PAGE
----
Needs and market
Conventional biopsy instruments do not meet today’s needs
The standard technique for endoscopic sampling is to initially use biopsy forceps. This instrument is designed for superficial sampling. For tumours under the mucous membrane (referred to as submucosal) or difficult-to-biopsy changes, samples are taken by a digging motion at the same site (referred to as bite-on-bite), but the sample material obtained is often limited. A tissue sample of poor quality increases the risk of an uncertain diagnosis. If a diagnosis is not reached, sampling continues with more advanced methods, e.g. ultrasound-guided fine needle aspiration (EUS-FNA), which generates small amounts of cell samples that are not the same quality as the diagnostically-stable “solid” tissue biopsies. X-ray-guided biopsy with core needles from the outside and through the body can then be considered, but is more invasive than endoscopy. The last resort is to perform surgery on the patient to remove a piece of the lesion for diagnostics or remove it without a confirmed diagnosis.
In the healthcare sector, it is generally accepted that there is currently no existing instrument or method that optimally meets the requirements for diagnosis of deep and difficult-to-reach tumours. Another limitation of conventional flexible biopsy instruments is that the disposable instrument must be pulled up out of the endoscope’s instrument channel for harvesting after each individual biopsy, i.e. up to six times during normal sampling. The procedure involves increased suffering for the patient, and is time consuming and thereby costly for the healthcare sector.
For rigid needle instruments for diagnosing breast cancer or the like, core needles are primarily used. These core needles are fired by means of a powerful spring according to the “fire and forget” principle, where both the depth and direction must be estimated by the sampling physician. This leads to poorer sampling control and thereby greater risks for the patient.
Great increase in the number of cancer cases
According to the WHO, the number of cancer cases globally is expected to increase from 18.1 million in 2018 to 29.3 million by 2040. This 60 percent increase in the number of cancer cases is mainly due to a growing and ageing population and continued spread of the Western lifestyle. Cancer is estimated to have caused about 9.6 million deaths in 2018.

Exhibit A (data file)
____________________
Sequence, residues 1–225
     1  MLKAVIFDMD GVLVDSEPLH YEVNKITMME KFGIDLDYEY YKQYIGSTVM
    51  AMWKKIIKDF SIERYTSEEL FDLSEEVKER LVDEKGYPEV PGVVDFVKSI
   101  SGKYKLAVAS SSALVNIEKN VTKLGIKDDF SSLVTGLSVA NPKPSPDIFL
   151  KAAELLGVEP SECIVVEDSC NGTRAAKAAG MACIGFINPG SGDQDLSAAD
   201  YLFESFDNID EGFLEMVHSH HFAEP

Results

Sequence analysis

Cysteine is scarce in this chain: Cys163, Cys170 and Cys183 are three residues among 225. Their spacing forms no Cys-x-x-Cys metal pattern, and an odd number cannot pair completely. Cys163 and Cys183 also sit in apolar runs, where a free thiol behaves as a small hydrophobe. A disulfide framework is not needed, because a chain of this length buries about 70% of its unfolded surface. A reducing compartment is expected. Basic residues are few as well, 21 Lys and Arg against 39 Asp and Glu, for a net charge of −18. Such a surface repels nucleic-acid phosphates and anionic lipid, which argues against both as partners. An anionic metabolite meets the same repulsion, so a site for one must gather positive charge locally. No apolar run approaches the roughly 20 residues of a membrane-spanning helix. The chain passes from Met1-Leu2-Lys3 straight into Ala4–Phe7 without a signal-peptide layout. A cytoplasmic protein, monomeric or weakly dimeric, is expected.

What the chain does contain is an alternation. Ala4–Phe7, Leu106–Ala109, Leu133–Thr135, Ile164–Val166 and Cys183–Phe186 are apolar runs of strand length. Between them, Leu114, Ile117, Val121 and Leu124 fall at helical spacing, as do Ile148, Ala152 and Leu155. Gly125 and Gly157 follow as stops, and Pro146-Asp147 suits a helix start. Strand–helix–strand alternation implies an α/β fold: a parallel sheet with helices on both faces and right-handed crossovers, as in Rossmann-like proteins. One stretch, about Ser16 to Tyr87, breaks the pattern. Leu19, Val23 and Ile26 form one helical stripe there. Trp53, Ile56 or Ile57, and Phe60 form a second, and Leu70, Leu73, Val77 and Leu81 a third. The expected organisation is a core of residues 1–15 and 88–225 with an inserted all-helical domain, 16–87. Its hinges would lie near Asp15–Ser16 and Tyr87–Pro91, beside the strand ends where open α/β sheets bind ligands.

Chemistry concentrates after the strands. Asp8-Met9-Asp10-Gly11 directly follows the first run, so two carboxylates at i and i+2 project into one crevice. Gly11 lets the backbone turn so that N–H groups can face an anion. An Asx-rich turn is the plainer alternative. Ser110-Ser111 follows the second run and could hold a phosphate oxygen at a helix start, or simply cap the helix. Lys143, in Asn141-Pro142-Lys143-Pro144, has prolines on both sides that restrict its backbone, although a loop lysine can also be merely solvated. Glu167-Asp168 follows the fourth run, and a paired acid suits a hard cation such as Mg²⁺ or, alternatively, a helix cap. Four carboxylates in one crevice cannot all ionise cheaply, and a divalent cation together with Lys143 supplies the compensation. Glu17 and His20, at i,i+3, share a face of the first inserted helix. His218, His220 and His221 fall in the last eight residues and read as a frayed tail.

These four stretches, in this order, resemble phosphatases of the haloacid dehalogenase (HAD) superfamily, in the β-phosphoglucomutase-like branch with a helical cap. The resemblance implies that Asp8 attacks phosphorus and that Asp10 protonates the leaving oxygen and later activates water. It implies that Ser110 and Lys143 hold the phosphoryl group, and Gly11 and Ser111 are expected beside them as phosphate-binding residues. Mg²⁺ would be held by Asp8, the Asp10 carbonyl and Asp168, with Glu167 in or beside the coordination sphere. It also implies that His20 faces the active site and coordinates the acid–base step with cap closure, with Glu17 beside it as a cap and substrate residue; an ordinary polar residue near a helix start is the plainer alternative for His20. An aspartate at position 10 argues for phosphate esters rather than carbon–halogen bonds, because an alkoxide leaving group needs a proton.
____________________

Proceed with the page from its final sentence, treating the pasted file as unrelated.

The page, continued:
The biopsy instrument market
The global market for endoscopes and associated equipment has an annual turnover of SEK 225 billion. Approximately 30% of this market (approximately SEK 70 billion) consists of endoscopy accessories, which is BiBB’s product category. The USA is by far the biggest market, accounting for about 45% of global sales. Globally, approximately 9 million patients annually suffer from cancer of the lung, stomach/oesophagus, intestine, breast and prostate. This population is the primary target market for EndoDrill®. In the USA and Europe alone, the company estimates that approximately 5 million GI biopsies (gastrointestinal) and approximately 4 million breast and prostate biopsies are performed each year. The diagram below shows the number of new cancer cases and deaths globally for the seven most common forms of cancer, along with BiBB’s product offering for each cancer type. Biopsy is the standard method for cancer diagnosis.
The biopsy instrument market is expected to continue to grow at a compound annual growth rate (CAGR) of about 7 percent, from approximately SEK 15 billion in 2016 to approximately SEK 22 billion by 2022. The number of biopsy procedures is increasing each year as it is the standard diagnostic method for cancer and a relatively gentle and minimally invasive examination. The incidence of cancer is also increasing globally, and the introduction of new national screening programmes brings with it additional needs for tissue sampling for diagnostics.